Theft I and Theft II in Washington, D.C.
Theft in Washington, D.C. is defined as the unauthorized taking of property from another with the intent to permanently deprive that person of it. Put more simply, theft is stealing. The theft can be of property, both tangible and intangible. It can also be of services.
What is theft in Washington, D.C.?
The prosecution must prove three elements — each beyond a reasonable doubt — in order to secure a conviction for theft in Washington, D.C. First, the government must prove that the property in question belongs to another person: You cannot be convicted of stealing your own property.
Second, the prosecution must prove that the defendant has “wrongfully obtained or used” the property. This can be through the actual physical taking of the property. It can also be either through deception or through the more passive “controlling,” “unauthorized use” or “transfer” of the property.
Finally, the government must prove that the defendant was acting with criminal intent at the time he/she obtained or used the property. A person cannot be convicted, for example, either for mistakenly taking property or for intentionally taking property under a mistaken understanding of permission or ownership.
In addition to tangible or intangible property, the theft of services is also covered under the general definition of theft. Jumping the turnstile at the metro station or refusing to pay a cab/Uber/Lyft fare would all be examples of this type of theft. D.C. Criminal Code 22-3211.
What are the maximum penalties for theft in Washington, D.C.?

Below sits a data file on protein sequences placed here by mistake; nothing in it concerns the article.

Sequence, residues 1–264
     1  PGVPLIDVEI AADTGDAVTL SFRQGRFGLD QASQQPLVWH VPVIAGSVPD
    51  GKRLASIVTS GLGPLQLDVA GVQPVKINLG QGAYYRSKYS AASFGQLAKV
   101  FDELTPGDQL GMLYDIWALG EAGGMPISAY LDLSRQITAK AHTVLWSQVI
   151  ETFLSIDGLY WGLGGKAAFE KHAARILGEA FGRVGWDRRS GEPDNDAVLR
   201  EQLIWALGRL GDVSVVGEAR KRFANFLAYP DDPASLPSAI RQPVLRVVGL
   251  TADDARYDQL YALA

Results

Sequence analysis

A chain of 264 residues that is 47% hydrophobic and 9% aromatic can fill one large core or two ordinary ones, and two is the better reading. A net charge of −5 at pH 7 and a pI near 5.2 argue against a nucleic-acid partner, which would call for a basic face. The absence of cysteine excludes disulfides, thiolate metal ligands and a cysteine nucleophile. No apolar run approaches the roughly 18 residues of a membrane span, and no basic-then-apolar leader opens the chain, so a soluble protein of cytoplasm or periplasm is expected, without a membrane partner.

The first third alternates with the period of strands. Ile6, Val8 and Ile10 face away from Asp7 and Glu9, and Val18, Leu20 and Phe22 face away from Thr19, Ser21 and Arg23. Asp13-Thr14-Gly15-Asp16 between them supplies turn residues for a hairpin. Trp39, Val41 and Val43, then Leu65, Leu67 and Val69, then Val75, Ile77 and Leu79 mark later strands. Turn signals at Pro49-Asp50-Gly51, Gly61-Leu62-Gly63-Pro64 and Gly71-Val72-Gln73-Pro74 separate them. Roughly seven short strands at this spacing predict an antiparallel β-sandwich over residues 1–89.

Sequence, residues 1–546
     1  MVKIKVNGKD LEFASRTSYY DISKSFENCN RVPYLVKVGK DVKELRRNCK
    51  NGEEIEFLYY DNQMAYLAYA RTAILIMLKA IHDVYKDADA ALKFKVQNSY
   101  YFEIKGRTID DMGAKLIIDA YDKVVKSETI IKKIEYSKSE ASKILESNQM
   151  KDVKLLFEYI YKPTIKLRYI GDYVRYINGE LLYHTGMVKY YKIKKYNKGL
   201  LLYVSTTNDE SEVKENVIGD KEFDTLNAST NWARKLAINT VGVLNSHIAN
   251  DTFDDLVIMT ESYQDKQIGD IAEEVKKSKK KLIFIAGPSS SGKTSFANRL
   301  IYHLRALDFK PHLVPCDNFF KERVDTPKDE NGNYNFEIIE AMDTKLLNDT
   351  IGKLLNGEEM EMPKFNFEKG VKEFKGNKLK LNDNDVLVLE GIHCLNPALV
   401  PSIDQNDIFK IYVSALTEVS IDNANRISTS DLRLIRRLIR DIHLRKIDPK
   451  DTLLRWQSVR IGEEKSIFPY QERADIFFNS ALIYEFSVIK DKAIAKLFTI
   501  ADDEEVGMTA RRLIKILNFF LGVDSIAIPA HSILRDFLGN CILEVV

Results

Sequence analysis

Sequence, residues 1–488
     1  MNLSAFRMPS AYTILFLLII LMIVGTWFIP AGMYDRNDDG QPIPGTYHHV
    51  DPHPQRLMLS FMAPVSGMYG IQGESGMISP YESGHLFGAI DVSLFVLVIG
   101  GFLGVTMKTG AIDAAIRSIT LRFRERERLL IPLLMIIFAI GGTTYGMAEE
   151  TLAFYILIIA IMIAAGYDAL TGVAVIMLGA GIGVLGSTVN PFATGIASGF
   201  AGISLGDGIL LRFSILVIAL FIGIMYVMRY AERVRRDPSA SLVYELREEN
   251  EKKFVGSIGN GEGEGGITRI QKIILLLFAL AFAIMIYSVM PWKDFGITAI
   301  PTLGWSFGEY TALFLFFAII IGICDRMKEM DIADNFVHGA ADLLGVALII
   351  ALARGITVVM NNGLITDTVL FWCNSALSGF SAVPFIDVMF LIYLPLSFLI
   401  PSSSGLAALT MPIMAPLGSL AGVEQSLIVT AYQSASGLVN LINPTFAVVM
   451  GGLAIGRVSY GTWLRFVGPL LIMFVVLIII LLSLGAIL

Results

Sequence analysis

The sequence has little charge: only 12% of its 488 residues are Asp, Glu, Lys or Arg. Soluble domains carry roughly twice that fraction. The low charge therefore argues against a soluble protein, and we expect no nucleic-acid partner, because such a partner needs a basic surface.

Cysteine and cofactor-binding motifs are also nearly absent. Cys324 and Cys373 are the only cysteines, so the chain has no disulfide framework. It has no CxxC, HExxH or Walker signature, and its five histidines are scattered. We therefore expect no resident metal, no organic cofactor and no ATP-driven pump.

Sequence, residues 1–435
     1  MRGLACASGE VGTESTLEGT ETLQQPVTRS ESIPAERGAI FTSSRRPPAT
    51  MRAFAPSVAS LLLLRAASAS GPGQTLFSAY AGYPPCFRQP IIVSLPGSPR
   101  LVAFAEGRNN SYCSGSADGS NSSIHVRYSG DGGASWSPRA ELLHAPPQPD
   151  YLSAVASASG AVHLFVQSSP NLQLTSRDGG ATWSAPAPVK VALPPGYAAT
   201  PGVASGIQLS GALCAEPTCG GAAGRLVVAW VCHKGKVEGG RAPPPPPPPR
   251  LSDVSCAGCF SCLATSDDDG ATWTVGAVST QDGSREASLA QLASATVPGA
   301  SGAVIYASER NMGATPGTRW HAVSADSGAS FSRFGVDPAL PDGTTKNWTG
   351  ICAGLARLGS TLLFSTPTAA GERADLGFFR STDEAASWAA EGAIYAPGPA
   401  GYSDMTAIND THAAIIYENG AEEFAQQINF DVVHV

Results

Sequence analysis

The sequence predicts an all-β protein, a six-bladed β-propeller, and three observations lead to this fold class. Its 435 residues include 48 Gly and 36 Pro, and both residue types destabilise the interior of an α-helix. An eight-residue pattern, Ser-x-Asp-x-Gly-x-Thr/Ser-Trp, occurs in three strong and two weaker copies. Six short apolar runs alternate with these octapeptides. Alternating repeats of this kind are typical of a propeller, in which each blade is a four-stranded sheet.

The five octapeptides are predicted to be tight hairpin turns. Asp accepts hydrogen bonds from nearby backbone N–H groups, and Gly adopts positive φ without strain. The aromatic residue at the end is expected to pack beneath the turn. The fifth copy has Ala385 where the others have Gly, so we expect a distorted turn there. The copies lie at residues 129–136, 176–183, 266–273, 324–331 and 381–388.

Theft in the first degree (Theft I) is when the total value of the property taken is $1000 or more. The penalty for a first degree theft conviction is a maximum fine of $5,000 and imprisonment for no more than 10 years.
If the total value of the property is less than $1000, it is a theft in the second degree. The penalty for Theft II is a maximum fine of $1,000 and imprisonment for no more than 180 days. D.C. Criminal Code 22-3212.
Does D.C. offer diversion programs for first-time offenders?
First-time offenders charged with Theft II might be eligible for some type of “diversion” program. With more information on such programs to be found here, the typical diversion program for Theft II is a deferred prosecution agreement in which the offender performs 32 hours of community service over a four-month period in exchange for the government’s agreement to dismiss the charges.
Can I expunge or seal a criminal record for theft in D.C.?
Your first concern upon being arrested for theft in D.C. should be to have the charges against you dismissed. Only when the case has been disposed of can you take action to either seal or expunge the resulting criminal record.
There are two ways to seal an arrest record for Theft I or Theft II. The first way is to file a motion to seal on the grounds of actual innocence. You can file this motion immediately. The second way is to wait for a period of time (typically 2 to 4 years) and file a motion alleging that it would be in the interests of justice to remove this stain from your record. Further information on sealing or expunging your record can be found here.
Will I need a lawyer if I am charged with theft in D.C.?
Although you have an absolute right to represent yourself in a criminal proceeding, D.C. Superior Court judges will actively discourage you from doing so. This is because of both the complexity and legal consequences of a criminal case.
Working exclusively on criminal defense in D.C. and offering affordable rates, Jamison Koehler has extensive experience in securing the best possible outcomes for people in this type of case. He can be reached at 202-549-2374 or email@example.com.
How will my theft case in D.C. be affected by the Covid-19 pandemic?
D.C. Superior Court is currently closed for most types of cases. Arraignments and status hearings for misdemeanor cases have been postponed beyond November 9, 2020. More pressing matters, particularly for defendants who are being held in custody pending the outcome of their cases, are being handled remotely (through teleconference or phone) or partially remotely.
Last update: August 25, 2020